Turn the heat to high and bring the water to a boil. Then you can start counting the time for 12 minutes. Turn off the heat and let the buns rest in the steamer for 10 minutes before you open the lid or else they will shrink once they make contact with the cold air.

While waiting, let’s take a look at the pork belly. It has been simmered a little bit more than 1.5 hours. They are super tender now. You can break it open by using a pair of chopsticks. Alright, let’s assemble the burgers.

Now you can open the lid and take one of that fluffy steamed buns out. Open it up. Place a layer of the pickled mustard green.

These pork slaps are very big, you can break them in half by using a pair of scissors. Stuff it in between the steamed bun.

Make sure you scoop in some of that flavorful sauce. Sprinkle the peanut powder on the top. Add some cilantro as garnish. I like to put a little bit of diced red chili on the top. If you don’t like spicy food, you can use bell pepper.

Look how beautiful that is?

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4.5 from 2 votes

Taiwanese Gua Bao Bun Recipe (台湾褂包)

Taiwanese Gua Bao is also known as steamed pork bun hamburgers. I grew up eating steamed buns, and this is insanely delicious. An authentic Taiwanese Gua Bao consists of a few components: The tender braised pork belly and the fluffy steamed bun are the foundation. Based on that, we will serve it with pickles and peanut powder to elevate the flavor.

Ingredients

For the pork belly

For the mustard green

  • 2-3 tbsp of pork belly fat from the braising liquid
  • 226 g 8 oz of pickled mustard green, diced

For the peanut powder

  • 1/3 cup of roasted peanut
  • 3 tbsp of sugar

For the steamed lotus bun (makes 12 buns)

  • 400 g 2.5 cups of all-purpose flour
  • 25 g 2 tbsp of sugar
  • 210 g 3/4 cups + 2 tbsp of lukewarm water
  • 6 g 2 tsp of yeast

Others for garnish

  • Diced cilantro
  • Diced chili

Instructions

Braise The Pork Belly

  • Slice the pork belly into 2/3-inch thick slaps, then sear in a clay pot or a stock pot for a couple of minutes. The purpose of this step is to render 1.5 tbsp of fat. Don't brown the belly until golden otherwise, it will become dry and stringy.
  • Remove the pork belly from the pot. Use the pork fat to saute the diced shallots, minced garlic, ginger, star anise, cinnamon, and bay leaves over low heat.
  • When the aromatics are golden brown, and the bottom of the pot feels a little sticky, add five-spice powder, freshly ground white pepper, sugar, Chinese cooking wine, soy sauce, and dark soy sauce.
  • Introduce the pork back into the pot, then pour 2-3 cups of water and bring it to a boil. Adjust the pieces so everything stays under the water. Turn the heat to the lowest and simmer for 1.5 hours.

Make the steamed lotus bun ( 荷叶饼)

  • Add 2 tbsp sugar and 2 tsp active yeast into 210g of lukewarm water. Stir well and wait a few minutes for the yeast to bloom. If you are using instant yeast, you don't have to wait.
  • Combine the water and the flour, then knead for 10 minutes or until a smooth nonstick dough has formed.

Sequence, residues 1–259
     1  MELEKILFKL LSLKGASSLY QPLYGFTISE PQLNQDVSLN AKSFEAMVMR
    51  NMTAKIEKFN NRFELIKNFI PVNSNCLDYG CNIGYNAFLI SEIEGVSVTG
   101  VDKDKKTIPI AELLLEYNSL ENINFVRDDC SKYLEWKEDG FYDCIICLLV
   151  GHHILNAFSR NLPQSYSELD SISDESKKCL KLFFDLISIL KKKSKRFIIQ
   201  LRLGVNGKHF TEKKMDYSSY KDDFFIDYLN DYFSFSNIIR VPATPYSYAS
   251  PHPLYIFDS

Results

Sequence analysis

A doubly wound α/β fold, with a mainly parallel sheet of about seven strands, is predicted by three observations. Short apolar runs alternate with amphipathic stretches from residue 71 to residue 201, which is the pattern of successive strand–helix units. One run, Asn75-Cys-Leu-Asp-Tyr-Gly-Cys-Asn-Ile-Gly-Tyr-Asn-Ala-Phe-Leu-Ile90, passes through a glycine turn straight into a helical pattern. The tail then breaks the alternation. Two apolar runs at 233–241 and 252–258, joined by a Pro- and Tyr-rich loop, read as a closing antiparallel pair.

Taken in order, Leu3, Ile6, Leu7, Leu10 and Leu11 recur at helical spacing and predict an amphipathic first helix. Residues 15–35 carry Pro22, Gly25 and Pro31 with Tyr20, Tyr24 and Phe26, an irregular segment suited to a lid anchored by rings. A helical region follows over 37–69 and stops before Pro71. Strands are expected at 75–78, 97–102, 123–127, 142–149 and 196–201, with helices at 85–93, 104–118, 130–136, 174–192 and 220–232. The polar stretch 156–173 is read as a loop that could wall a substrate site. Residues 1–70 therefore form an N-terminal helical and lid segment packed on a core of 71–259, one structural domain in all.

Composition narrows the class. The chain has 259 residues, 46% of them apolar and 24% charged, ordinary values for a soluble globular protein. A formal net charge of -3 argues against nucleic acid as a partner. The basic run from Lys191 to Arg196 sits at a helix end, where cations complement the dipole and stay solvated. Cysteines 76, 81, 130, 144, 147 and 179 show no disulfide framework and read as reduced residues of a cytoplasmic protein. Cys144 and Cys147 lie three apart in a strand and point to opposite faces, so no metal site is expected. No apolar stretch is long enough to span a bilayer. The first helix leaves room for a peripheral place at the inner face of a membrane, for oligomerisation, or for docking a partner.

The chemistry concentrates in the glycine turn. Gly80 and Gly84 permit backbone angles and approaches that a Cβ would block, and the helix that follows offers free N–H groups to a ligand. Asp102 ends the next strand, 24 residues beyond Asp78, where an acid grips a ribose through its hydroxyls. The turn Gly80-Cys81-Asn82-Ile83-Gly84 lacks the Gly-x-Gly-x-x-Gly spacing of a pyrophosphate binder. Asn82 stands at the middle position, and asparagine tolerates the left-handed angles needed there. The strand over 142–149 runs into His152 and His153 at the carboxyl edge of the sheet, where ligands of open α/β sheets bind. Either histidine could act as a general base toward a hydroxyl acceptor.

• Cover the dough and let it proof for 1 hour or until it is doubled in size.
  • Pouch and knead the dough to deflate. Divide the dough into 12 pieces, then roll them into 12 round balls. Cover with a plastic wrap, so they don't dry out.
  • Take one piece of dough and dust with a little bit of flour to prevent stickiness. Use a rolling pin to roll it into a flat oval sheet. Brush some oil on 1/2 of the sheet, then fold it over.
  • Put the lotus bun on parchment paper to prevent stickiness. Then place it into a steamer. Do that to the rest of the dough pieces.
  • Let the lotus buns proof in the steamer for another 20 minutes or until it is 1.5 times the size.
  • Turn the heat to high and bring the water to a boil. Then count the time and steam the buns for 12 minutes.
  • Turn off the heat and let the buns rest in the steamer for 10 minutes before you open the lid, or else they will shrink once they make contact with the cold air.

Make the Peanut Powder

  • Add 1/2 cup of roasted but unsalted peanut and 3 tbsp of sugar into a blender. Blend into a coarse peanut powder and set it aside. You can do this while waiting for the dough to rise.

Cook the pickled mustard green.

  • Rinse the pickled mustard green to reduce sodium, squeeze the water, and dice it. Store-bought pickled mustard green is extra salty. But, of course, it depends on the brand. You can taste yours before cooking.
  • Use a spoon to scoop out some fat from the pork belly braising brine. Use that to saute the mustard green for a few minutes. Set the pickled mustard green aside.
  • Pickled mustard green provides some crunch and a bit of acid to balance the fattiness of the pork belly. I think it is similar that western people like to put pickled cucumber or jalapeno on their burgers. So yes, you can use them as a replacement if you can't find the pickled mustard green.

Assemble the pork belly buns

  • Cut the braised pork belly slaps into 2.5 inches wide or the same width as the lotus buns.
  • Open one lotus bun, place a layer of the pickled mustard green in between, and stuff a piece of pork belly. Drizzle a tsp of the braising liquid. Sprinkle the peanut powder on the top, then add some cilantro as garnish. Optionally, spice it up with some diced red chili. Enjoy!

Video